Such an awesome sight is hard to envision today. In addition to an earthquake a century or so after Amenhotep III's death that toppled its columns and walls, successive pharaohs raided it for their own temples. Ramses II took two seated colossi in the 13th century B.C., and the site was still being scavenged a thousand years later. The earthquake in 27 B.C. toppled much of what remained. Nineteenth-century treasure hunters carted off what they could find from the rubble—sphinxes to embellish the Neva River embankment in St. Petersburg, royal statues to London's British Museum and a head of the pharaoh to the Louvre in Paris. Excavations from the 1950s through the 1970s revealed little more than scattered stone fragments and artifacts.

Today's most insidious threat is the slow rising of groundwater. In the past, the Nile flooded annually, replenishing fields along the river before retreating to within its banks. (Some scholars, though not Sourouzian, believe Amenhotep III's temple was designed to allow the holy Nile floodwaters to wash through the gates and plazas.) Since the Aswan High Dam was completed in 1970, the Nile waters no longer surge over its banks (and the river is two miles from the temple site), but sugar cane farmers irrigate year-round, turning the desert into soggy soil. The water carries salts that eat away at stone, particularly more porous varieties such as limestone and sandstone.

On a spring morning, the huge field, bordered by sugar cane and the road to the Valley of the Kings, resembles a busy construction site. At the spot where a pylon once stood behind the Colossi of Memnon, researchers sit under tarps, patiently sorting and photographing fragments from one of two smaller colossi that fell in antiquity. The head of one of them alone weighs 25 tons, and nearly 200 workers and a winch were required to pull the broken statue out of the mud. Sourouzian hopes to re-erect those statues—each torso weighs 450 tons—once the ground dries and a secure foundation can be built.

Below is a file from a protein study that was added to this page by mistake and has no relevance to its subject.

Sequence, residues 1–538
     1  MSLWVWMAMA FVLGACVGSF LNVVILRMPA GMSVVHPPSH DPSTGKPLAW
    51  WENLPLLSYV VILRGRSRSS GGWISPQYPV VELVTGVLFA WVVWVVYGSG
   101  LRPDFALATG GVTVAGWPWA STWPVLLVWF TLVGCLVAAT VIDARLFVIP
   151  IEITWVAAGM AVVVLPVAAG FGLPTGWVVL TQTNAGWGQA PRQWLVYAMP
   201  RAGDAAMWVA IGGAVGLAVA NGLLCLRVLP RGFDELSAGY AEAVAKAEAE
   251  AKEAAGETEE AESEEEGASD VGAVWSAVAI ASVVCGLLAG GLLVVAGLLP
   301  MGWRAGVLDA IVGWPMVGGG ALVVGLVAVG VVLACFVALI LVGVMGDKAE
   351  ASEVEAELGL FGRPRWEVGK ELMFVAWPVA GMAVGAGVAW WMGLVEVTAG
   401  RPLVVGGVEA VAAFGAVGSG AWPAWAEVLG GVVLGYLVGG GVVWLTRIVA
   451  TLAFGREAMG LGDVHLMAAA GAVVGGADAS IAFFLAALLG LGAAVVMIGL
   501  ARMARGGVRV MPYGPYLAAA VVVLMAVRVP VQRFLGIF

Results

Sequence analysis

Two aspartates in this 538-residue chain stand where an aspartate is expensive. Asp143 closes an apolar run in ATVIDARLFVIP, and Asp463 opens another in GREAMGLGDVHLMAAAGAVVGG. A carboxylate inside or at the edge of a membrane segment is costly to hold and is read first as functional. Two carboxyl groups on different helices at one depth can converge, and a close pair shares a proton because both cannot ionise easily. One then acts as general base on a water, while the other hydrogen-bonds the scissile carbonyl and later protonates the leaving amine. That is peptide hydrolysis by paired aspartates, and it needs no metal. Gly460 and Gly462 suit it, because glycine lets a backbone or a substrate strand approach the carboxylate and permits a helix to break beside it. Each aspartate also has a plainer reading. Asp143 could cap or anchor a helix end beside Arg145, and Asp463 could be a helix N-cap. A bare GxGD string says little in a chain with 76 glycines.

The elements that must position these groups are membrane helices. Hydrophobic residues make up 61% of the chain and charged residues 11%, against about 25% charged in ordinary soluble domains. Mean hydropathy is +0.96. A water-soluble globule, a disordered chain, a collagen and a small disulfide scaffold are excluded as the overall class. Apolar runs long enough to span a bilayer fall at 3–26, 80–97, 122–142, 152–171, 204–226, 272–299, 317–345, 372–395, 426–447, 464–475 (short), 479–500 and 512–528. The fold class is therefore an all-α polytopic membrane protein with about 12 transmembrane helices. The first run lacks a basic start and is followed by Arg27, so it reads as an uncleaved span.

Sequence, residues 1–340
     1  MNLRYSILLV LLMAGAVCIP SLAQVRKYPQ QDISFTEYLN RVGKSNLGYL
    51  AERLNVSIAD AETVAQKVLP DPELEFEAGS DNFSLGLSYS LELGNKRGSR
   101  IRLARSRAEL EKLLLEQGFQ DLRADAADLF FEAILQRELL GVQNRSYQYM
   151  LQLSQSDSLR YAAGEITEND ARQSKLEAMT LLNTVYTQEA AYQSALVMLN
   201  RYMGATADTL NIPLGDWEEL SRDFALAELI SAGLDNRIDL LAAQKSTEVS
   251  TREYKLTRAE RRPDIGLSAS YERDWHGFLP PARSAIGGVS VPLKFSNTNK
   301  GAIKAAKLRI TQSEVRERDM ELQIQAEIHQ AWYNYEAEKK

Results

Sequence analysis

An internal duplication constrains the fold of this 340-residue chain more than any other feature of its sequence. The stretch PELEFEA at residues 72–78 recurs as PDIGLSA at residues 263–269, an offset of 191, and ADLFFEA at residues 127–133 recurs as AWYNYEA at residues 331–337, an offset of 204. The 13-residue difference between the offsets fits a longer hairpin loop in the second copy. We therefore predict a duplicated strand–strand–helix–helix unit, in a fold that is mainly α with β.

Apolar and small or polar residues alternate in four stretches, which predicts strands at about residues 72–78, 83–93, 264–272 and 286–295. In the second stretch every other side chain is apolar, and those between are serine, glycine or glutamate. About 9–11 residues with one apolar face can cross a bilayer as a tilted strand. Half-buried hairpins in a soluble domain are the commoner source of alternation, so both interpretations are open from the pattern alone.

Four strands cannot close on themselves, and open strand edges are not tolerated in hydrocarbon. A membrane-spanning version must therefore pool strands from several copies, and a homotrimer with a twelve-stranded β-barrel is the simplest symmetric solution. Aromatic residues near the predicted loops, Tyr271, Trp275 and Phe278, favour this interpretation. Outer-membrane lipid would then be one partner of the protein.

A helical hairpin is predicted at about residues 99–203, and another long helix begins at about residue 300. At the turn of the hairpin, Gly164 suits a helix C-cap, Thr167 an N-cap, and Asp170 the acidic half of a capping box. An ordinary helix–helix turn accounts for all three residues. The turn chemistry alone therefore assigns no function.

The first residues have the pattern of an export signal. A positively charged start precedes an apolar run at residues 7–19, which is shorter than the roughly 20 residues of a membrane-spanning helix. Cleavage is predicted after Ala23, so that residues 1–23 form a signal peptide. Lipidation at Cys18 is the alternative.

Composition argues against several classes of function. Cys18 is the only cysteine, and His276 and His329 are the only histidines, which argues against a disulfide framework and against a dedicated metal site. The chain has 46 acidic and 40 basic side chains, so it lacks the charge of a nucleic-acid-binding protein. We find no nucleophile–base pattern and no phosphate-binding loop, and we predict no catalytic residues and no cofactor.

Nearby, an alabaster statue of a crocodile and two more statues of Amenhotep III, also in alabaster, wait to be cleaned. Remains of massive sandstone columns are in rows of three and four. The columns formed the edges of the great peristyle hall, or sun court, and once stood on crude blocks and gravel. "Obviously, they were cutting corners here and there," says Theodore Gayer-Anderson, a British archaeologist on the team. "They weren't the ideal builders." The stubs of the columns are fragile, and to coax out salt, which is corrosive, Gayer-Anderson coats them in a poultice of deionized water, cellulose powder and mineral powder. Each wrapping must be changed every two days. "It's impossible to eliminate the salt," he says. "But you can cleanse the skin to a stable level."

A few yards away, a seven-ton torso of Amenhotep III dangles below an iron tepee, as workers prepare to marry it to a base covered in protective scaffolding. The statue's head was found a century ago and is now in the British Museum. The museum has promised to send a cast of the head to be placed on the torso next spring. An Egyptian foreman barks at the workers as the torso is raised into place, while a Spanish archaeologist paces across some beams. "I'm not nervous—that wouldn't help," he announces.

About Andrew Lawler

Andrew Lawler is a contributing writer for Science magazine and author of Why Did the Chicken Cross the World?: The Epic Saga of the Bird that Powers Civilization. He has written for The New York Times, The Washington Post, Smithsonian, National Geographic, and other publications. View Andrew Lawler's website.

Read more from this author

Comment on this Story

comments powered by Disqus